The way to a man’s heart is through his stomach….
this is seriously taken very literally in this film haha.
A few weeks ago, I had the pleasure of watching a brilliant film called The Lunchbox.
I grew up watching Bollywood films with my parents, so I’ve always been drawn to the big bold sets and the thousand cast films, with beautiful production, songs and often sickeningly sweet plots. I still occasionally find the perfect escape and de-stress from a long day at work or a busy week through a 3 hour Indian film. Every year, there will be releases of the big films that are heavily backed by the industry and enjoy a luxurious few months of pr and create quite the storm, and then there a handful of films that you can’t really compartmentalise into bollywood or any sort of community or structure in particular, but come out quietly and simply blow us away.
The Lunchbox, like Amir Khan’s Dhobi Ghaat, is one of those films. It’s a big-set less, bold costume less, big song less, and massive cast less sort of film. One that harks back to what the joy of film making can be for many who enter the industry or refuse to be shackled to its ‘formula’ for success and simply want to deliver stories that touch our hearts in the most frill free manner.
Directed and Written by the very talented Ritesh Batra (he has found in me a new fan), The Lunchbox (also known as ‘Dhabba’ in India) was released in 2013, and stars Irfan Khan (as Saajan), Nimrat Kaur (as Ila), Nawazuddin Siddiqui (as Shaikh).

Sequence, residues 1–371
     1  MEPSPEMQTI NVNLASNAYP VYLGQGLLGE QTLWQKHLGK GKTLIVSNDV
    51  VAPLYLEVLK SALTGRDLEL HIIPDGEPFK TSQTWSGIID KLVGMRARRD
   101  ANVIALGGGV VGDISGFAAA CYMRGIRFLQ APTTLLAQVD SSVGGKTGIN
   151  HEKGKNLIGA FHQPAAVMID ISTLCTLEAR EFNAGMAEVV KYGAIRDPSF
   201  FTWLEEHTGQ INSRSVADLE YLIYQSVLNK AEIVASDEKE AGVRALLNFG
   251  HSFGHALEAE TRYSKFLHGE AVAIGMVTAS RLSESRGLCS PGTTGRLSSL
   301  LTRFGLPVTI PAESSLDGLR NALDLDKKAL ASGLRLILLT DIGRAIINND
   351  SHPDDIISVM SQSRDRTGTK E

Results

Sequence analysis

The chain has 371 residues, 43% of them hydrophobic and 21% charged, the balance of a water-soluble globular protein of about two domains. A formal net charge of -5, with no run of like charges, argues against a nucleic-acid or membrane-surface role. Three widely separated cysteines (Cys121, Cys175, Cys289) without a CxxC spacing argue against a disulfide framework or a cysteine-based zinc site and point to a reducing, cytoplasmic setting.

As a huge bento and tiffin carrier, I’ve always enjoyed the relationship between contained food, culture, consumption habits, health etc. Like the bento culture in Japan, and its kawaii craze and useful monitoring of health through colourful displays which are also nutrionally balanced; the tiffin is a backbone of south Asian working lifestyle. In Mumbai and Delhi, the Tiffin culture is famed for creating a network of delivery staff and jobs and also an efficient system to ensure staff across the cities are eating fresh home cooked healthy food. To see these concepts captured in this film was incredibly delightful and touching.
This film brings together the lives of Saajan who has been grieving since his wife died and Ila, who wants to seek her husband’s attention to rekindle their love and hopes to cook her way through her husband’s heart. But by a rare mistake of the very famous ‘dabbawalas’ of Mumbai city, the dabba (tiffin) with the delicious food she had prepared for her husband instead gets delivered to Saajan. Realizing the mistake of the delivery she writes a note about it to him. This unfolds a beautiful episode in their life in a series of compelling and sincere notes they exchange through the tiffins. The acting was uncannily real, so natural and beautifully executed, I fell deeply in love with the love that was unfolding in front of me in those few hours.
As the story develops, he finds out that her husband is having an affair and writes to Saajan about it, saying that she wants to move to Bhutan since the people there are known to be happy. Saajan contemplates moving with her and writes back asking if she’ll be ready to move to Bhutan with him. Ila writes back saying she’d like to meet him first. They arrange to meet at a popular food joint. And I will stop here otherwise I may just ruin it for you.
The ending is as quiet as it begins; an unspoken beauty leaves you wanting more. I can fully understand why this film was listed on the International Critics’ Week at the 2013 Cannes Film Festival, and later won the Critics Week Viewers Choice Award also known as Grand Rail d’Or.
Forget the gourmet dishes, a home-made tiffin never tasted this good.
© 2014 Shroomantics ~ Rahima Begum
Love in a Tiffin